Stephanie said her mother loved to travel but ranch life didn’t allow her to do it as often as she would have liked. Still, there was a memorable mother daughter trip to England and France where Christy served as a chaperone for a group of students. They also traveled together to Washington, D.C., and New York City.

“She sacrificed a lot to give us a good childhood,” Stephanie said, recalling how her high school and college friends were always made welcome by Christy when they visited.

“She was a favorite of my friends because she was sort of sarcastic and funny but also a really good host,” Stephanie said.

Christy took pleasure in helping her family and those outside it. Stephanie remembered that when she completed her surgery residency, her mother — without being asked — made equine-themed quilts for two of her mentors, as well as a third one for Stephanie to keep.

That thoughtfulness continued until the end.

The day after Christy’s death, her daughter-in-law, Stephanie Mathis, started sorting mail that had piled up. She found letters from the California Department of Agriculture’s division of brand registration.

Inside was confirmation that two longtime family brands had been transferred to Stephanie and Jeff’s sons, Lewie and Zane.

Transferring brands is a complicated process involving letter-writing and dealing with bureaucrats. Christy had vowed to make sure her grandsons grew up with those brands officially attached to them and spent months cajoling the government.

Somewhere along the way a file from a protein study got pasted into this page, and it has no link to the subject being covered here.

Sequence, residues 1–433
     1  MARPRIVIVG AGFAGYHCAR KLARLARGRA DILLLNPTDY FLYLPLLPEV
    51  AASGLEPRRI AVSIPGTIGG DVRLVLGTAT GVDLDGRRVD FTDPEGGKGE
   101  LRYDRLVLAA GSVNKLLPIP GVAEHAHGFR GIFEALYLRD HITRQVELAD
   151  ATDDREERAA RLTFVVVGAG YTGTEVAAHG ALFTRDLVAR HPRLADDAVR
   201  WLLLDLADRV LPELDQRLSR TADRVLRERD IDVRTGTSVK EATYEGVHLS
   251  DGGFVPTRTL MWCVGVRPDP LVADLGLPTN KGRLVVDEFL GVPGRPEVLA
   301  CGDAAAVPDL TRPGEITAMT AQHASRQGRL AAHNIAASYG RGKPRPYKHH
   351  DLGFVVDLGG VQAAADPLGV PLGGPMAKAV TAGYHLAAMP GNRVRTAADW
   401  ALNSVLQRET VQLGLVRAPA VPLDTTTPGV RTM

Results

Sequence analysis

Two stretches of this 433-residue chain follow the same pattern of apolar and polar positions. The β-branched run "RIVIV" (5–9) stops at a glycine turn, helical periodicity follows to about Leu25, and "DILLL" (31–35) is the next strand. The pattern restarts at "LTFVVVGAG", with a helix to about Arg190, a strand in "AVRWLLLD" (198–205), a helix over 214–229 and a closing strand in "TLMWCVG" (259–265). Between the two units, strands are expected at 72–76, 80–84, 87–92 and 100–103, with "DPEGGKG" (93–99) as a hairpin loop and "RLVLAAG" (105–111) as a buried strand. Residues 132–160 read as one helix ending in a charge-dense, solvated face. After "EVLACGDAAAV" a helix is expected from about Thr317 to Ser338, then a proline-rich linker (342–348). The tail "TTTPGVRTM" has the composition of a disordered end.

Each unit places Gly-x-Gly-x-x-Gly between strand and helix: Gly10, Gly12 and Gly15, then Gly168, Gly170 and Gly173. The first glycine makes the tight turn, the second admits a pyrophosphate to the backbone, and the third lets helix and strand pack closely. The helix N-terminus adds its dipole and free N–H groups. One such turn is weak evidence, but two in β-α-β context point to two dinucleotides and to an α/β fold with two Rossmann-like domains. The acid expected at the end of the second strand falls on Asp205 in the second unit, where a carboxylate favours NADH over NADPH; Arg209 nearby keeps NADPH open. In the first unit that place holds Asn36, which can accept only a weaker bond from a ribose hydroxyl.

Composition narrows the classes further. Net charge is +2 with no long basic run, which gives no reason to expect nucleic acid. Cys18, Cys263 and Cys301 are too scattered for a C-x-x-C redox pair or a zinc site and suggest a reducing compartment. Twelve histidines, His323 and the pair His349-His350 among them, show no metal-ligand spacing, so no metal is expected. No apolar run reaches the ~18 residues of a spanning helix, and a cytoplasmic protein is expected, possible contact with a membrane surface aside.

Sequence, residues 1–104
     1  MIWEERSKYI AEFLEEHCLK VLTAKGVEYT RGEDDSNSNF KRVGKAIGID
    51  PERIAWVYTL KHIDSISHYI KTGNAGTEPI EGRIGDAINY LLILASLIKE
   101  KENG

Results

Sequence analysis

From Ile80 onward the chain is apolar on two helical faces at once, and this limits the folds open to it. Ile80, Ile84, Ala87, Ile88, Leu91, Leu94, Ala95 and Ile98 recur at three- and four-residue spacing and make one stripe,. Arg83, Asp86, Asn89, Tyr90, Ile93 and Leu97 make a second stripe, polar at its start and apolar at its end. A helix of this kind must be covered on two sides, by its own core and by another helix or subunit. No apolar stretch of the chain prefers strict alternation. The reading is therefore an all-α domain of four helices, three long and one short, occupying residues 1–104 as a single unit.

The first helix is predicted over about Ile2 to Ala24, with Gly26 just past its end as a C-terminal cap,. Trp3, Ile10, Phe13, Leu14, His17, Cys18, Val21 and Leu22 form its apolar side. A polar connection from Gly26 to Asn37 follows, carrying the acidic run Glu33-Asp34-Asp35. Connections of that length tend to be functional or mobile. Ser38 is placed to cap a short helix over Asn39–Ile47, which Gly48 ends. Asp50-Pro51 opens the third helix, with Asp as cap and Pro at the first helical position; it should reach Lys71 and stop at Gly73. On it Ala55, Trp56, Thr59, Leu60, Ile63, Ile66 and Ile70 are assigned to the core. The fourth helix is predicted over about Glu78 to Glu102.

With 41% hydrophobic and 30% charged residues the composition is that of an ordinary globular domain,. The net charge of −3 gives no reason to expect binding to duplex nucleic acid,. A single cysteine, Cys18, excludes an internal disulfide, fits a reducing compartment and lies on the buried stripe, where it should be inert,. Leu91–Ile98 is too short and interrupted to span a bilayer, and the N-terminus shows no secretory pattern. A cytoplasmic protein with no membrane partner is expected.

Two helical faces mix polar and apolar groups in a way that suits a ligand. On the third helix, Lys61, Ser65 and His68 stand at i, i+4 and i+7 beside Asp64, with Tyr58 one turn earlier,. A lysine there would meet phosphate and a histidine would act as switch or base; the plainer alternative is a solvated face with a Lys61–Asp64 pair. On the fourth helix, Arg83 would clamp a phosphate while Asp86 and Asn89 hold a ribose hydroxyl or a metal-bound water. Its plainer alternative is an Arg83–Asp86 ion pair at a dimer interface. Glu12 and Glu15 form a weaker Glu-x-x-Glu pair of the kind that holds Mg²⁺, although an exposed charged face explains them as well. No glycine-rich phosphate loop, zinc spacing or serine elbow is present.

“Nana got it done,” Stephanie Mathis said.

Her sons, greatly saddened by their grandmother’s death, immediately brightened when told the news. “She could not have left a bigger spark for them to become cattlemen,” Stephanie Mathis said.

Christy is survived by husband Lewie of Lompoc; sons Todd and wife Jene of Washoe Valley, Nev., and Jeff and Stephanie of Lompoc; daughter Stephanie Hibbits and husband Gregg of Templeton, Calif.; sister Judy Thibodeau and husband Peter of Aptos, Calif.; brother Jim Errecarte and wife Kathy of Davis, Calif.; and grandchildren Gage, Casey, Zane, Lewie and Ronan, as well as several nieces and nephews.

A private memorial gathering will be planned for a later date.

One response to “Christy Mathis”

  1. Phil Downing says:

    I was saddened to hear of Coach Moore’s passing. He was my coach in 1972 of the Freshman basketball team in which he was relentless in teaching the fundamentals of his beloved game.
    I had the pleasure of Coach in the classroom as well. He made history more than a required class in his passion and interest.
    I’m not alone in my admiration of both the man and teacher as evidenced by his selection of teacher of the year on two separate occasions.
    He was a good fit for our school and community and I have only good memories of this local icon who gave unsparingly to both students and friends.
    RIP Coach…the game is over and you won!